Attempt by Hartner lawman to suppress court outcome fails
Hartner Construction Ltd and the group’s receivers have agreed not to oppose an application for leave by a creditor to wind the company up â€” but fought publication of this fact in a High Court hearing on Thursday.
The fight ended unsuccessfully: Justice Rod Hansen gave the order allowing the creditor leave to apply to put Hartner into liquidation and the application was to be filed within hours. The judge rejected any notion that a gagging order on the application should run for the next week.
The hearing was held at the same time as unsecured creditors were being told in a separate meeting at the Tamaki Yacht Club by receiver John Waller their chances of a return from the group’s collapse were minimal.
One reason for that is the timing of the receivership appointment â€” 1 February â€” which has cost subcontractors millions of dollars.
The attempt by Alotech Walls & Ceilings Ltd (itself in receivership and in liquidation) to wind up Hartner has been one of several running battles the Auckland construction head contractor has had over the past year in a bid to stay afloat.
Alotech is claiming $1.3 million, but Hartner claims a full hearing would show Alotech owed it money.
Receivers hadn’t had time to consider this, says lawyer
In court, Hartner’s lawyer, Michael Fisher, said the receivers had not had time since their appointment to assess the Alotech claim and decide whether to oppose it or not.
This conveniently ignores the fact that the PricewaterhouseCoopers team of insolvency practitioners went to Hartner’s office in Onehunga on 17 December, more than six weeks before the receivership appointment was formalised.
Mr Fisher surprised Justice Rod Hansen by saying the High Court Rules prohibited any publication on liquidation in the seven days after filing those proceedings.
Justice Hansen: “What the rules say is, it may not be advertised within seven days. The rules do not say there shall be a total gagging order about liquidation proceedings having been filed, do they?”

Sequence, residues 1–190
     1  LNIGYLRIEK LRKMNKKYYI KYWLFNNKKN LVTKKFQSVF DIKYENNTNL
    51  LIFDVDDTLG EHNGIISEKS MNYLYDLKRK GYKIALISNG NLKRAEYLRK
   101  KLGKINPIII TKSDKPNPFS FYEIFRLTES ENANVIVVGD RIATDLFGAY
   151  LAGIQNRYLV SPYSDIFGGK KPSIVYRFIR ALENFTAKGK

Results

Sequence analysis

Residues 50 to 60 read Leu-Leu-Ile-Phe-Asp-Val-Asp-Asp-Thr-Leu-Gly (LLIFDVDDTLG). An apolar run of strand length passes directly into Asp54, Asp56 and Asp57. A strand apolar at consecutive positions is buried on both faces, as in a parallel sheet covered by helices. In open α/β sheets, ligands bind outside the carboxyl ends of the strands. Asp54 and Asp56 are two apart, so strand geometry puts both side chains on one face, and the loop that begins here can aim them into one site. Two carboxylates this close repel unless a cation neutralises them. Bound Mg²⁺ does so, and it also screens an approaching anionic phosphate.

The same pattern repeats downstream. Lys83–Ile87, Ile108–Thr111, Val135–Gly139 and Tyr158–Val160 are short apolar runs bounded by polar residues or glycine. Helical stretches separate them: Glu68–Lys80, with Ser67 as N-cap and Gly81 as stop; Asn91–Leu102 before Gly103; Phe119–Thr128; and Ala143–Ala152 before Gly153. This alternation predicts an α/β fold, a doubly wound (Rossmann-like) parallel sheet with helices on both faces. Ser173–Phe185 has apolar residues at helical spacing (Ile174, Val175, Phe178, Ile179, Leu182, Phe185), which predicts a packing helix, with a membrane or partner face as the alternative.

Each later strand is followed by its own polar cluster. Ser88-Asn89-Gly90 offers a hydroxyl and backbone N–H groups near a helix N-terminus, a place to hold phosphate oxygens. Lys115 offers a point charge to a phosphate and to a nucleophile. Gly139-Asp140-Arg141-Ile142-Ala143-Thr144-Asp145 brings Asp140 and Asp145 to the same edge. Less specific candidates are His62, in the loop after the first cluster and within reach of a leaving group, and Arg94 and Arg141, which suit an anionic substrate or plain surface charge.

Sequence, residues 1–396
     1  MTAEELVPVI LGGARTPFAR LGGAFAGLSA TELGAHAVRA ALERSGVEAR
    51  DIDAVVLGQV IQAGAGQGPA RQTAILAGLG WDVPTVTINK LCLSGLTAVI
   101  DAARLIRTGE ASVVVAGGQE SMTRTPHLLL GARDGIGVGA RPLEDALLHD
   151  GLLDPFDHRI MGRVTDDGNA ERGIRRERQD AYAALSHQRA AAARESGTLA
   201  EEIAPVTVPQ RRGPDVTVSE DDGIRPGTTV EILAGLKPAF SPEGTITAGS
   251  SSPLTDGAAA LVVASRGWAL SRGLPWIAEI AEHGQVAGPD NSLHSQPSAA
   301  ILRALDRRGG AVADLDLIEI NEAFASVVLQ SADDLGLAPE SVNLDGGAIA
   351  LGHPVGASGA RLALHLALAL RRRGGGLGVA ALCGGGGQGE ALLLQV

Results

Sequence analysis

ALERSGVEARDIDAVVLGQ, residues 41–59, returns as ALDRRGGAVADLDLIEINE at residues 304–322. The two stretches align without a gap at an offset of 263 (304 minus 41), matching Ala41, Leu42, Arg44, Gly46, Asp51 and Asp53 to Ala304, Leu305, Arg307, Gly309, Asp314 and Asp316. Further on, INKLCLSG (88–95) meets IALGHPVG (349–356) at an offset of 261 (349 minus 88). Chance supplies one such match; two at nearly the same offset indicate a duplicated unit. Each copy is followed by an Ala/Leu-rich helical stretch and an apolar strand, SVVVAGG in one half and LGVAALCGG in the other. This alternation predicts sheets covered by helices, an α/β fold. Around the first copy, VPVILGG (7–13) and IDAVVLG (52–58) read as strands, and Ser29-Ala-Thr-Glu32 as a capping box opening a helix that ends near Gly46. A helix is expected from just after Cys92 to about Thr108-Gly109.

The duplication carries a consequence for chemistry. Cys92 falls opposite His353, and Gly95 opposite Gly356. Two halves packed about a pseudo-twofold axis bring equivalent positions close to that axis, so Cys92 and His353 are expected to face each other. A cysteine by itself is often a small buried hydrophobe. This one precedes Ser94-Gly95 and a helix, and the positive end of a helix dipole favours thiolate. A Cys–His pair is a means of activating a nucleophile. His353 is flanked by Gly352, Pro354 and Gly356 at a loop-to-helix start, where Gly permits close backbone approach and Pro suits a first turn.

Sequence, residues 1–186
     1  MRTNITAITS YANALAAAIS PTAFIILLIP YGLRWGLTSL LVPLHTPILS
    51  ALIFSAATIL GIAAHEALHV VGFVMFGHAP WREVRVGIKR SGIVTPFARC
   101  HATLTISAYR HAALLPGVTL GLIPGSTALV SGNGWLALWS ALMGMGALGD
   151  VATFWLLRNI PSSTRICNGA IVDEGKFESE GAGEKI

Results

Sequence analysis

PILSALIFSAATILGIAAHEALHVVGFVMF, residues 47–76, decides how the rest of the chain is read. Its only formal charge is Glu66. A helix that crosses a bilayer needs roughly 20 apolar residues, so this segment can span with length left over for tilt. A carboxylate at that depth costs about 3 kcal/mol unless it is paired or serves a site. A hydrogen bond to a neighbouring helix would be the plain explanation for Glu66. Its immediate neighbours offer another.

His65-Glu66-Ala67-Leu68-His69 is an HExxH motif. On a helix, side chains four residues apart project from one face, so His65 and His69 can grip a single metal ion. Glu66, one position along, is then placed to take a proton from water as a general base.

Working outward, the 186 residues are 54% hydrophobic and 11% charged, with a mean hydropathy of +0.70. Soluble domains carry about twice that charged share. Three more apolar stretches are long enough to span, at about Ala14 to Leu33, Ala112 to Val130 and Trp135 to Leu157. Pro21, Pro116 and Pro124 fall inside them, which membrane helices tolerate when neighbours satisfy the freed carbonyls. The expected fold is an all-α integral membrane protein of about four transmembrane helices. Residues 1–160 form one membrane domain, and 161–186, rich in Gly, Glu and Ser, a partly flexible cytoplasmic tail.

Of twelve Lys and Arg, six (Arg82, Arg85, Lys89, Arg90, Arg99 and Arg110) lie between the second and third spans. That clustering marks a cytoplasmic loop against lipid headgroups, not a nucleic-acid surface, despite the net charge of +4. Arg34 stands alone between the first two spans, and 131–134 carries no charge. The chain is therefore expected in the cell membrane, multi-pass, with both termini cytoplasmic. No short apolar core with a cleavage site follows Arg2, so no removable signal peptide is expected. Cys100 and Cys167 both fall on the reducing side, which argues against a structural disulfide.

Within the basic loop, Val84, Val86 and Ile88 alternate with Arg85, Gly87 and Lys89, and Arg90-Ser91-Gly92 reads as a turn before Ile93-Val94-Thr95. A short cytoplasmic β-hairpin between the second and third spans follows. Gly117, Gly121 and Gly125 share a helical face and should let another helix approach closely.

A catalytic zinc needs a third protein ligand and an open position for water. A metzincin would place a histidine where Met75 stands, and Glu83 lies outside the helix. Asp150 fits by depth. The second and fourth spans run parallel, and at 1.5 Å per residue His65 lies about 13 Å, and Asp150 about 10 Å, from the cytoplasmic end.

In his order declining the application for a gag, the judge said he was not persuaded “that any significant prejudice to Hartner in receivership or its creditors will ensue if the fact of the making of this order and the circumstances surrounding it are made known.
“On the other hand, I consider there is the potential for considerable damage if publication of this information was suppressed.”
Hartner still looking for work
Mr Fisher wanted the silence â€” about a case which has been well publicised over a long period, about a company now in the hands of outsiders because of its insolvency, and which was still advertising its candidacy for the 277 Broadway tender on Monday â€” because, “at the moment, the company is a going concern in that there are construction projects going on.”
Publication of this application, which was only for leave to apply for Hartner’s liquidation, “may undermine the confidence of the people they are trying to gain confidence of.”
Hartner’s Monday advertisement to subcontractors pricing the 277 contract bore the construction company’s name, without mentioning it was in receivership. Mr Fisher in his courtroom presentation also gave no indication that this company was actively seeking forward contracts, not just tidying up the mess it is already in.
Receiver versus liquidator
A central point of difference between receivership and liquidation is that a receiver is appointed by a secured creditor, in this case the National Bank, owed $8.5 million, and acts in the interests of that creditor, whereas a liquidator is required to act in the interests of all creditors.
Alotech’s liquidators may be able to find supporters to force the Hartner liquidation application through the court, though this will take time if Hartner’s receivers can be convinced the company’s defence is real and claim against Alotech s strong.
A liquidator eventually appointed to Hartner might also try to recover money paid over in transactions from the end of last year. But would a penniless liquidator have a chance of recovering money paid by a receiver to a bank on its debenture? Most unlikely.
The 1 February appointment of the receivers was crucial to the bank recouping the maximum return.
By that date, the developer had collected as much as possible for December from clients. Under most contracts, the builder will get paid 10 days after certification. On the Princes Wharf contract, where Kitchener Group is the developer, certification was mid-month and the developer was paying Kitchener on the 25th if possible.
By that time, as well, all the subcontractors would have submitted their claims and the head contractor would know the claims it is going to make for the next month.
Once the subcontractors file their claims, they become an asset of the head contractor. Two days earlier, these subcontractors’ claims wouldn’t have been in, and wouldn’t have been a Hartner asset.
At the first creditors’ meeting, the debtors’ ledger was put at only $Â¾ million and January’s work was put at $4Â½-5 million. Hartner was pushing subcontractors to up their work rate, which would take the contract closer to completion, but also improve its own position financially against that of the subcontractors.
The next step is for the receivers to invoice for January. Defects â€” and perhaps last-minute vandalism by enraged subcontractors â€” mean not all that money will flow in. But they’re still likely to collect at least half, which means the bank ends up about $2Â½ million better off than if it appointed the receivers two days earlier.